Ancient Buddhist Relics Returned by Burmese Locals
By THE IRRAWADDY, November 12, 2012
Bago, Myanmar -- Hundreds of 1,000-year-old Buddhist statues have been returned by workmen after an ancient pagoda site in Prome (Pyay) Township, Pegu (Bago) Division, dating from the Sri Ksetra era of the Pyu Kingdom, was ransacked.
<< Some of the 1,000-year-old Buddhist statues unearthed in Prome Township. (Photo: Warazein Moekyo)
Local people handed the antique Buddhist relics to the authorities on Thursday after they began to worry about possibly being arrested for stealing the artifacts. Prome residents sent a letter to The Irrawaddy about the discovery last week.
The Irrawaddy reported that the valuable antiques were being hidden and then removed from the site by car. However, after word got out those responsible eventually decided to hand the treasures back to the proper authorities.
Local people who stay near the excavation area told The Irrawaddy that it was a shame that the township authorities did not prevent the ancient ruins being destroyed. However, the authorities ordered the digging to halt after complaints were filed in the wake of the relics being discovered on Nov. 5.
The area of Prome Township is called Pagoda Hill and belongs to a man called Thai Thai who recently bought the land from its original owner, Tin Ngwe, who moved to live in Rangoon earlier this year.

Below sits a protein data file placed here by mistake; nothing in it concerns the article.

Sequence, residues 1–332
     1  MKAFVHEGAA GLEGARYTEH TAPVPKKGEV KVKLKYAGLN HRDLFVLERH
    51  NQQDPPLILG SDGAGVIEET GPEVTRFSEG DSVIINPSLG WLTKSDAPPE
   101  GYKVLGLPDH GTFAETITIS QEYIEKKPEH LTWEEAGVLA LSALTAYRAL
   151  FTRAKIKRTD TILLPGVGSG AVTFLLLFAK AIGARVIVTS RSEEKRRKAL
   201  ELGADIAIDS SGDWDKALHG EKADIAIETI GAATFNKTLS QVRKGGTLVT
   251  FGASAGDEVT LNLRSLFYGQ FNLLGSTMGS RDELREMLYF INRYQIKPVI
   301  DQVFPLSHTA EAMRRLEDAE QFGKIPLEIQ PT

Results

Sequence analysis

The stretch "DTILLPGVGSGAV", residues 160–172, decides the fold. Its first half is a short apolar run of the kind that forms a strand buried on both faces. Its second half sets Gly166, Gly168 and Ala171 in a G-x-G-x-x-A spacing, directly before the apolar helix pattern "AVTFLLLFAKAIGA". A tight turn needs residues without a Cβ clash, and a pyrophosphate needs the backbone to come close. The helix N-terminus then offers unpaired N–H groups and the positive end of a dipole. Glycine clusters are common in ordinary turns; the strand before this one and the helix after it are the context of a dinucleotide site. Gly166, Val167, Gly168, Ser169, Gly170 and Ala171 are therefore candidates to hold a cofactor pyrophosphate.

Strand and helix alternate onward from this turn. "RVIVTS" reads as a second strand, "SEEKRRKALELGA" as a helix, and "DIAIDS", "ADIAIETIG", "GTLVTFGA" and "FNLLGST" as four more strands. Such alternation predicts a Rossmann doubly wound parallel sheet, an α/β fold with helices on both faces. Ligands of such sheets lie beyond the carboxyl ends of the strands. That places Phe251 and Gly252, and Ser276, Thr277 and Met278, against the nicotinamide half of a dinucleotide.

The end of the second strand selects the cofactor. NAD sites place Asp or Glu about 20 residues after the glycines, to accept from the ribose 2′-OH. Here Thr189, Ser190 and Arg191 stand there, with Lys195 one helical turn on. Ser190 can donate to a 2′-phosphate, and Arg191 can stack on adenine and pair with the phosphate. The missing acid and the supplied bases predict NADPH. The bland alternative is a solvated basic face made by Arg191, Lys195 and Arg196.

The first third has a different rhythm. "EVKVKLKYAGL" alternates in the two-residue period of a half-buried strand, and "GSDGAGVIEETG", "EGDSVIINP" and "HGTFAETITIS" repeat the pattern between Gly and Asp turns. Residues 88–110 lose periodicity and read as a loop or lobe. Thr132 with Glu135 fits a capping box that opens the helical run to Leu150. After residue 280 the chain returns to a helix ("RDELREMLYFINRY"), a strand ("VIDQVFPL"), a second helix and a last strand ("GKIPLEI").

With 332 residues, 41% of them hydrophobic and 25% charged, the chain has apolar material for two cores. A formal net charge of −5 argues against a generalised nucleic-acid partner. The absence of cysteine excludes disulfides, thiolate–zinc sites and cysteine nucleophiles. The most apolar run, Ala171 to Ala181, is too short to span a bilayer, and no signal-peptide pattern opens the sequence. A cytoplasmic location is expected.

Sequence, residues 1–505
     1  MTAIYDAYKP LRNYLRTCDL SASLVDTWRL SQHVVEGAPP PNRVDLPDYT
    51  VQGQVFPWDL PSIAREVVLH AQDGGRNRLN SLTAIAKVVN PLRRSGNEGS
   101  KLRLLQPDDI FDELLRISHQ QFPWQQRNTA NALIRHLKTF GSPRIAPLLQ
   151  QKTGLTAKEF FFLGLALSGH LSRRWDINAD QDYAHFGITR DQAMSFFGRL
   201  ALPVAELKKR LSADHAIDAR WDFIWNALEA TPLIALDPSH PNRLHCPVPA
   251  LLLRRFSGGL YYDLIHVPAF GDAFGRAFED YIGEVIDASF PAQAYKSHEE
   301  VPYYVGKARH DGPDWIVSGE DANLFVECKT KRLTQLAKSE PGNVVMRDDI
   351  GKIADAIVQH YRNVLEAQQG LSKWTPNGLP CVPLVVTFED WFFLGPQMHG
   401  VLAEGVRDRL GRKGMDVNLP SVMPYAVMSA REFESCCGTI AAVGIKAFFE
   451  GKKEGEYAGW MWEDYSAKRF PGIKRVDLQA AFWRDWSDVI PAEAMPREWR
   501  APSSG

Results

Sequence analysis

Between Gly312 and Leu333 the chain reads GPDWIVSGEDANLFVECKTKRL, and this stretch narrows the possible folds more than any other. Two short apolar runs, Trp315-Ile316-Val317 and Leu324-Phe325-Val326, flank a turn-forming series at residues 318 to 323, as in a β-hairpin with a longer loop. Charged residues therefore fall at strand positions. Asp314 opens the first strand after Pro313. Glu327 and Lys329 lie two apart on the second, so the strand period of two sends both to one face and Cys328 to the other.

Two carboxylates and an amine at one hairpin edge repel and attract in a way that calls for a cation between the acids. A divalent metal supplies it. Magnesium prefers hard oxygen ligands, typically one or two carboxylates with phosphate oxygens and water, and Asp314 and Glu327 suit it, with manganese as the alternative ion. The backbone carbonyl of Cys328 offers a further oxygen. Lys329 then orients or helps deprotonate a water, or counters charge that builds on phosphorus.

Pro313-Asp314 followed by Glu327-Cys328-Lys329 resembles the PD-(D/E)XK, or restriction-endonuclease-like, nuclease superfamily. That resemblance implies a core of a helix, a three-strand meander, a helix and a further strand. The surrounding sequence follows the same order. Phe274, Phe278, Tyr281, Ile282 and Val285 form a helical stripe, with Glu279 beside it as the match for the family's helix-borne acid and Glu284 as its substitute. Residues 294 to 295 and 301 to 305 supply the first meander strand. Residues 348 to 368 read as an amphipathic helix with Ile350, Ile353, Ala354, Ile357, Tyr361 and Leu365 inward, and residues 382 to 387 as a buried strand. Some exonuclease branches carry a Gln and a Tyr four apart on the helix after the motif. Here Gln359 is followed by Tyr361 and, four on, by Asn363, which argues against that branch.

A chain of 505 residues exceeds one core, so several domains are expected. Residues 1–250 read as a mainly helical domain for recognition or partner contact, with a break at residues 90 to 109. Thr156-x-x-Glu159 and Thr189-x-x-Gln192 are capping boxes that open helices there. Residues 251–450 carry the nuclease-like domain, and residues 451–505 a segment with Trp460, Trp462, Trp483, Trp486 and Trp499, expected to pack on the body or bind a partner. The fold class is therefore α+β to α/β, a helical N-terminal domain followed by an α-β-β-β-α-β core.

The entire plot is valued at 60 million kyat (US $70,000) with the pagoda site alone is worth five million kyat ($6,000). A group of workers found the Buddhist statues after beginning demolition work using a bulldozer on Oct. 15. The find dates from around 700 to 1300 AD, according to Burmese researchers.
Pyu was a civilization that lasted for nearly a millennium until the early ninth century when a new group of “swift horsemen” from the north, the Mranma (Burmans), entered the Upper Irrawaddy Valley. In the early ninth century, the Pyu city-states of Upper Burma came under constant attack from the Nanzhao Kingdom of the present-day Yunnan Province of southwestern China.
In 832, the Nanzhao sacked then-Halingyi, which had overtaken Prome as the chief Pyu city-state. A subsequent Nanzhao invasion in 835 further devastated Upper Burma. While Pyu settlements remained in the region until the advent of the Pagan Empire in the mid-11th century, then Pyu was gradually absorbed into the expanding Burman kingdom of Bagan over the next four centuries.
The Pyu language continued to exist until the late 12th century. By the 13th century, the Pyu had assumed the Burman ethnicity. The histories/legends of the Pyu were also incorporated into those of the Burmans.